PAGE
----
BARBELL RACK PULL BENEFITS
INCREASES BODILY STRENGTH
The barbell rack pull targets multiple muscle groups, all across your body. Not only does this raise your fitness levels it ensures that you are uniformly conditioned.
For instance, it engages the glutes, calf muscles, core and shoulders – muscle groups located all over the body
IMPROVES YOUR ABILITY TO DO OTHER EXERCISES
The barbell rack pull is largely a low impact exercise. However, the control and varying difficulty it provides you with makes it a good stepping stone to higher impact exercises
For instance, the shoulder stability it provides should be helpful if you want to graduate to deadlifts.
ALTERNATIVES TO THE BARBELL RACK PULL
TRAP BAR DEADLIFT
This is a restricted alternative to the barbell rack pull due to its limited range of motion. It also demands more of the lower body than the rack pull
The sumo deadlift offers you a relatively short range of motion as well. However unlike the barbell rack pull it engages fewer areas mostly in the upper body i.e., the trapezius and upper back
That said it doesn’t compensate for this by engaging said areas more intensely than a rack lift would.
PULL THROUGH AND KETTLEBELL SWING
This is the perfect exercise if you’re looking for something with an even lower impact than the rack pull. To do the exercise:
- Stand with shoulder-width distance while the kettlebell is a foot in front of where you stand. Bend at your waist, while you grab the kettlebell with both hands.
- Ensure your palms are facing you, lift the kettlebell and swing between your legs while your knees are bent slightly. Keep your neck and back completely flat.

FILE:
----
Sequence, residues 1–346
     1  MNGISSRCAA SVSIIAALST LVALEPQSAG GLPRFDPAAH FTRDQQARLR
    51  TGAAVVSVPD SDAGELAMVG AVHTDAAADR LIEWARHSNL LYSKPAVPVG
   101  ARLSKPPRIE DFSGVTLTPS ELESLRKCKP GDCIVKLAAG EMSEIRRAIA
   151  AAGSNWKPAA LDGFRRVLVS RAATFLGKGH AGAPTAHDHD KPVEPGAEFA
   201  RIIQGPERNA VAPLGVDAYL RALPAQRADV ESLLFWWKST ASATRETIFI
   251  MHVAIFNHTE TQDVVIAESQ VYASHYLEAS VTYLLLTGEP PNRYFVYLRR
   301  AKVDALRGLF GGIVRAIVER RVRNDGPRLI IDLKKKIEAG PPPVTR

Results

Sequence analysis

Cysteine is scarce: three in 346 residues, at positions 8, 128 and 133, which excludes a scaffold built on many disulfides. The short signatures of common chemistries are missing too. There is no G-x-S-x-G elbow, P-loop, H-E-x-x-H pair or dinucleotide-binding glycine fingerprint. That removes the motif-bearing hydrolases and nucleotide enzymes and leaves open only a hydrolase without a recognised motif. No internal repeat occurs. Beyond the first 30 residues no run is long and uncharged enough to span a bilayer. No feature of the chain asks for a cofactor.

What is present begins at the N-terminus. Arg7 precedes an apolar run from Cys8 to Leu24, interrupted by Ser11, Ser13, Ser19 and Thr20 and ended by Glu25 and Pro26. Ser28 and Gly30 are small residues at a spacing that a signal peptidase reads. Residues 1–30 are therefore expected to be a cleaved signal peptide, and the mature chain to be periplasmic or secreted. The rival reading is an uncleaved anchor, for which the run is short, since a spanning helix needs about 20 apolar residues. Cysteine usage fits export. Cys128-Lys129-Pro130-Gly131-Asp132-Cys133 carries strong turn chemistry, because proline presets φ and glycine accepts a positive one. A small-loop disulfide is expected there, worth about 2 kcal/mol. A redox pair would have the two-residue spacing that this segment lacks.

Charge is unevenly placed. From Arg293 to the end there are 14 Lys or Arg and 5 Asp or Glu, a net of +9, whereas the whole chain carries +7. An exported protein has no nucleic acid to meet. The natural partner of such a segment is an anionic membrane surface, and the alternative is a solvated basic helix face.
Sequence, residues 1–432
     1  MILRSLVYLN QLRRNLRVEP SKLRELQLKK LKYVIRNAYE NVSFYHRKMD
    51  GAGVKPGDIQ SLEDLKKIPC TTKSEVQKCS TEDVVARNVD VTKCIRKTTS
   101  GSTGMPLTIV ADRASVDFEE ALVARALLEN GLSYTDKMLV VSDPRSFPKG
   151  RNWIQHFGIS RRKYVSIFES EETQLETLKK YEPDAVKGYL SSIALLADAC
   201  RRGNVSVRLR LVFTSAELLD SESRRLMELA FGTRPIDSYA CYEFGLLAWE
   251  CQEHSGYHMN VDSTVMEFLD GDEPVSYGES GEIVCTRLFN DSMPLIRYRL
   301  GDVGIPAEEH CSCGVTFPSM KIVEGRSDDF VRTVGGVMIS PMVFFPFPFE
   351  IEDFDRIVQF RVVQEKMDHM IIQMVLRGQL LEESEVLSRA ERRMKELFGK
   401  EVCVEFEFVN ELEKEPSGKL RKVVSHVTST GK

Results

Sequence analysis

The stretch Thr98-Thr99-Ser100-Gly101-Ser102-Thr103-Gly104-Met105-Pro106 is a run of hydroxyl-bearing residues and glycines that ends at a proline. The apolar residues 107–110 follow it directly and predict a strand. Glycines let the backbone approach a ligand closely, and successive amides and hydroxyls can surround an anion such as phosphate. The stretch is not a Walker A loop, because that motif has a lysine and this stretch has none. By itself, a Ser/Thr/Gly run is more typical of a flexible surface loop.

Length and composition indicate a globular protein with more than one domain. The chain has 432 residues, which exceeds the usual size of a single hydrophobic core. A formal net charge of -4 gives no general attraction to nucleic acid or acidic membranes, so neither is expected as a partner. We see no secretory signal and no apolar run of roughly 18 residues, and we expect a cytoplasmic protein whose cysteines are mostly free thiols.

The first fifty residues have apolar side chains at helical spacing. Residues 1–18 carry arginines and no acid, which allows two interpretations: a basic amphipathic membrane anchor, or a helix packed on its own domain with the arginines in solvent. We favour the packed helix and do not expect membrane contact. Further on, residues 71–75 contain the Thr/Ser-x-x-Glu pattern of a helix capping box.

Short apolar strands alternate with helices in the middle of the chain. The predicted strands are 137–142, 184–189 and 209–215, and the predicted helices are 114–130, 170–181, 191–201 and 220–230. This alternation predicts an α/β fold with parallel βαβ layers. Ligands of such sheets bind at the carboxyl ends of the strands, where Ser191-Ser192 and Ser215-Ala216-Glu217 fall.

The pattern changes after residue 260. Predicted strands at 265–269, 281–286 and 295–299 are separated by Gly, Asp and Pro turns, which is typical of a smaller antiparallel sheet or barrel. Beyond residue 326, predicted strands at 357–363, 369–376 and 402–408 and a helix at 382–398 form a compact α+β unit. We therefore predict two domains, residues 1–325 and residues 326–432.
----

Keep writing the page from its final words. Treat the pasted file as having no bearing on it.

- Push the kettlebell forward toward the front of your body but do not have the bell travel above your shoulders.
- Allow the kettlebell to then swing back between your legs and maintain a flat back and neck.
BARBELL RACK PULL MISTAKES TO AVOID
ARCHING YOUR BACK
This exercise involves a lot of back engagement. As such, you put your back under a lot of pressure when you arch your back.
If you ensure that your back is straight, it should be withstandable. However, arching your back induces an excessive amount of strain on your back and can lead to injuries.
THRUSTING YOUR HIPS FORWARD
The hips are a very important muscle when doing the barbell rack pull.
However, its movements can easily make you exaggerate how much hip is needed by thrusting your hip forwarded
What this does instead is that it puts you at risk of injury as it throws your form off completely.
BAD KNEE ANGLES
When lifting the barbell off the rack, your knees are heavily involved. Bad knee angles can put excessive amounts of pressure on your knee joints which causes injuries.
This is especially so if you’re a beginner and might not understand the exercise well.
If you’ve been looking to get into deadlifting, there are fewer better ways to start than with the barbell rack lift.
It offers you control and gradually builds your strength. However, it is a very form-particular exercise. As such you should always pay attention to your form when doing the exercise.